What actually is fast track?
Fast track is an expressway being constructed in Nepal to join Kathmandu and Nijgadh (Terai). As the name suggest, it will be only 76 km far that includes 1.37 Km of tunnel way through hills and 10 Km via bridges. This route will be much helpful in aspect of time consumption.
According to the Physical Infrastructure and Transportation Ministry of Nepal, the fast track will be considered as ‘A’ level highway that hasn’t been constructed even in India yet. The highest level of highway that India has constructed so far is ‘B’ joining Delhi and Agra. So, basically the highway will be of very high standard with no traffic jam even for a minute as guaranteed.
The project; Fast Track
The fast track project falls under PPP model, which means Public-Private Partnership. According to this model, the public sector will be represented by government handing the contract. And the private sector will be represented by any organization or contractor. The private org.will build the project, own it, operate it and then transfer it to the government. This concept is well known as BOOT (Build, Own, Operate and Transfer).
Here, the private company itself will manage all the expenses and later the government will provide the money on the basis of the type and number of vehicles running via the fast-track. According to the agreement, Nepal government will have to pay on daily basis even if no vehicle runs which was the main drawback of this model.
Who will build it?
Going through the Internet rumors, I found that there has been discussions being held among the concerned authorities in Nepal government about ‘who will be handling the project? Nepali or Foreign contractors or government itself?’
As per the previous agreement, an Indian private company IL & FS was given the contract. IL & FS was appointed as a project management company who will again hire a suitable contractor to build the fast-track. This was the actual implementation of PPP model. The reason behind Nepal government not taking the managerial position itself is that they didn’t want to play risk over the demanding price by the contractors.
Now, lately the decision has been turned around and Nepal government itself is being ready to build the project. They are supposed to provide management responsibility to the Road Department (Sadak Bibhag) and hire a foreign contractor to build.
As the fast-track expressway will be of ‘A’ level with tunnels and bridges, it needs high technology and well skilled/experienced manpower, which Nepal may lack in some extent. Also managing such a project maybe quite hard for Nepal government as we’ve seen how our government handles the developmental projects. Moreover, the political instability in Nepal has always been an intruding factor behind anything. It would be an embarrassment to start the task, find arduous enough and then ask for help. Rather find a better contractor and handover the project. Why playing blind risk over a huge project that may not happen again over decades? Ok! Nepali engineers also need some opportunity to learn and flourish their skills in big projects.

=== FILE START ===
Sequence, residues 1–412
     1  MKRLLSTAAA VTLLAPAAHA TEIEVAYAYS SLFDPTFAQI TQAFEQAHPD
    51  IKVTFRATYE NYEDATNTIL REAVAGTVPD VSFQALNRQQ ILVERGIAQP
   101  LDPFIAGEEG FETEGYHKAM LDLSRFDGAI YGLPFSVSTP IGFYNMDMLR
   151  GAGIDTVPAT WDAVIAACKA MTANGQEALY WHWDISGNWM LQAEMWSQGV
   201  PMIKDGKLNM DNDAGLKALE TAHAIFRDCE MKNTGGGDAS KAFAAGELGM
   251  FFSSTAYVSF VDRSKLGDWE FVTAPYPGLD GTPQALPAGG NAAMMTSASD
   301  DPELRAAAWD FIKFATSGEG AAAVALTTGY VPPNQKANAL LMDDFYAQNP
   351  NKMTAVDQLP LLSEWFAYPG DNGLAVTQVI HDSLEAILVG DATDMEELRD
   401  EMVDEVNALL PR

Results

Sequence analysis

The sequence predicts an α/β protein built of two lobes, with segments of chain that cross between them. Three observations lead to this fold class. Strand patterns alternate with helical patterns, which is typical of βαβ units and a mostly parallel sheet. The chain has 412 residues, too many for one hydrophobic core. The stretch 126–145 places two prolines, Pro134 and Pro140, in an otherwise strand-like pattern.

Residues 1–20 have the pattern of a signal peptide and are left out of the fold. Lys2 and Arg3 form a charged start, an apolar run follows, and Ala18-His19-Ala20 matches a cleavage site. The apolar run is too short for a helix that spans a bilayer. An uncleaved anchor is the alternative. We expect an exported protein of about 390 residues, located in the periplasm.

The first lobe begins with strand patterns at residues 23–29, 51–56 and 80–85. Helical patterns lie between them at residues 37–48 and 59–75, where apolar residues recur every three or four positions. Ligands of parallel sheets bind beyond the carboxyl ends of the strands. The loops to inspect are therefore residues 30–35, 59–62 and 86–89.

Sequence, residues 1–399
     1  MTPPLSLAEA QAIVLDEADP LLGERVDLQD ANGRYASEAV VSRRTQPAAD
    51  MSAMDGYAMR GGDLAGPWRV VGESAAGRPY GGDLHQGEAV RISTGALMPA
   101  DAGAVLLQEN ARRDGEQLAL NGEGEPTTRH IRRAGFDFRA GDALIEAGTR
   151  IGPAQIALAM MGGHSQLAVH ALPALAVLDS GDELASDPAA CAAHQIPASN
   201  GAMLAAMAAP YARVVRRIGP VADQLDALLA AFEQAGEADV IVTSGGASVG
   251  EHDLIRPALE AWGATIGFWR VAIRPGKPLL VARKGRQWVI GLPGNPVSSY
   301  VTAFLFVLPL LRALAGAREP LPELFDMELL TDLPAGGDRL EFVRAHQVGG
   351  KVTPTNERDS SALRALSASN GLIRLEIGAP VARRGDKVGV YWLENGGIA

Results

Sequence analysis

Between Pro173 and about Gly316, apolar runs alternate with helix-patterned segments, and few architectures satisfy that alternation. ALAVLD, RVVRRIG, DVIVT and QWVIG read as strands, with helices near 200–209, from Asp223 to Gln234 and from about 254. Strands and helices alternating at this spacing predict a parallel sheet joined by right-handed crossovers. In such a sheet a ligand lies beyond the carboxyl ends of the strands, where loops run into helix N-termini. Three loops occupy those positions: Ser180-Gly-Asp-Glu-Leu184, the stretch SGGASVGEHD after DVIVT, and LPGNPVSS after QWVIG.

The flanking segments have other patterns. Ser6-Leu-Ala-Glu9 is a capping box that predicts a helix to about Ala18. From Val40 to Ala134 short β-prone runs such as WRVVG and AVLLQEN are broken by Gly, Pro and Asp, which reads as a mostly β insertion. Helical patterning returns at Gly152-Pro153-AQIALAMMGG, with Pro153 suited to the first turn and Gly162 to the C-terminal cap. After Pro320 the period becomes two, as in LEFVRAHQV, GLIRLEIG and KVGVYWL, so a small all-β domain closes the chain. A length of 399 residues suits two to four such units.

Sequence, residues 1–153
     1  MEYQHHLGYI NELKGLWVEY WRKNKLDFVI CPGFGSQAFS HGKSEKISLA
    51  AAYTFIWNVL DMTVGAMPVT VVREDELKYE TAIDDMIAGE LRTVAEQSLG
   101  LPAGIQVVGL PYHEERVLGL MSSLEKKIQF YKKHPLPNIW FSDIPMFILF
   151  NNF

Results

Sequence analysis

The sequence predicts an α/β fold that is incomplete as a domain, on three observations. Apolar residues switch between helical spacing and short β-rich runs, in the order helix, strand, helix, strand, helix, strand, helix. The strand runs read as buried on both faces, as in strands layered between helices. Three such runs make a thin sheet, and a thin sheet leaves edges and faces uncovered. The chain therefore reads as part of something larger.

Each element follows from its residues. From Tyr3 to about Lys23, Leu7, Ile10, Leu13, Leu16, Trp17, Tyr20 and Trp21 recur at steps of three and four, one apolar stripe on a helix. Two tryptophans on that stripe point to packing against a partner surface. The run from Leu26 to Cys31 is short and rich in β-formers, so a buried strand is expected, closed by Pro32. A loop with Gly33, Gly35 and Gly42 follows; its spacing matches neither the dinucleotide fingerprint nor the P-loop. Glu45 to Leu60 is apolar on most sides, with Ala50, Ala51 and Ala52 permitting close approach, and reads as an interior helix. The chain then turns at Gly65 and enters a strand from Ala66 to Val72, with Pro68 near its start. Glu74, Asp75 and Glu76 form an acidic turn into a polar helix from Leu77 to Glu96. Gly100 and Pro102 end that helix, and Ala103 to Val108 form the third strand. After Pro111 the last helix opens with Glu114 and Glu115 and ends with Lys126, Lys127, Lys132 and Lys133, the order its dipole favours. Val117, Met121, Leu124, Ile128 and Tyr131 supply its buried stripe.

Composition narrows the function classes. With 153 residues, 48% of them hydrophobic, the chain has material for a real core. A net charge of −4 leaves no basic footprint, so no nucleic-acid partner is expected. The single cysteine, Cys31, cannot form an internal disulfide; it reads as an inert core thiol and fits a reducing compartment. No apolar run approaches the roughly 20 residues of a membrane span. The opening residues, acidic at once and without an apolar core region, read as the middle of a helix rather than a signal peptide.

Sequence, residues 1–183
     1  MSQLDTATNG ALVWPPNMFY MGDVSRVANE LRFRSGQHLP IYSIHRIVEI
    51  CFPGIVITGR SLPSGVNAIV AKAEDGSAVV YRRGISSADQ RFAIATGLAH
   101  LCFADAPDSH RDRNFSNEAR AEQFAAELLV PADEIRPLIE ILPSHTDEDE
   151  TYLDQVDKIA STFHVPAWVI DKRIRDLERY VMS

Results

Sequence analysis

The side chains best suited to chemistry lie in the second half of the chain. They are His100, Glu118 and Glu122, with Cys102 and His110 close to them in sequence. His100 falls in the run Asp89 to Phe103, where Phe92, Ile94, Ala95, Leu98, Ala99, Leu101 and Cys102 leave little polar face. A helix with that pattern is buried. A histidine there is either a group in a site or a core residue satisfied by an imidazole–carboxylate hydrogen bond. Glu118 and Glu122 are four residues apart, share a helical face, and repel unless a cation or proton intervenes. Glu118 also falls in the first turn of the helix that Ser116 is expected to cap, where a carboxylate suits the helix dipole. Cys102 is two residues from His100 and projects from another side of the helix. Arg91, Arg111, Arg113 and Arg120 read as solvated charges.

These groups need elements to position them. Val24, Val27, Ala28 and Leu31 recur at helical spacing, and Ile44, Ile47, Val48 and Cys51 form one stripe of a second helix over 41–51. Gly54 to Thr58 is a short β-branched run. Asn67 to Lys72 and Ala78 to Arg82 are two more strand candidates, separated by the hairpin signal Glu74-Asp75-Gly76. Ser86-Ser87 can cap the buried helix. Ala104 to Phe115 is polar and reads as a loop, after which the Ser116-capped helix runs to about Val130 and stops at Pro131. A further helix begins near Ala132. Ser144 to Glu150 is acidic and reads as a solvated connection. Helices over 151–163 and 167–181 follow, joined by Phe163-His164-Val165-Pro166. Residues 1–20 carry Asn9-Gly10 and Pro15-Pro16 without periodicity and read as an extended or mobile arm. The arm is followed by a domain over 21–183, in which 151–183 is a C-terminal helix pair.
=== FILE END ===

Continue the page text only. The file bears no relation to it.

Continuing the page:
Well, for that they can also be involved in the project; can work with the co-ordination of foreign engineers so that they can get enough chance to learn more.
Now, think differently
Here, Nepal government taking the project will be huge challenge and they should be bold enough to face it. Thinking that the project is way much bigger and not taking the risk will prove that government is not daring enough. After all, life is all about taking risk. We’ve got engineers who have done enough projects building bridges and highways in hilly areas. We’ve also got the kind of contractors needed. Only, the thing that has been left is ‘government to take the right decision and take that audacious step.’
Well, as the government now is ready to build the project itself, it’s good news for sure. It’s going to be a huge challenge indeed. Should they complete it with no disruption, there will surely be a turnover in history of Nepal towards such developmental tasks. Whatever it is, we all Nepalese hope that it will be done in estimated time.
The project has now been handed to Nepal Army by the Puspa Kamal Dahal (Prachanda) led government.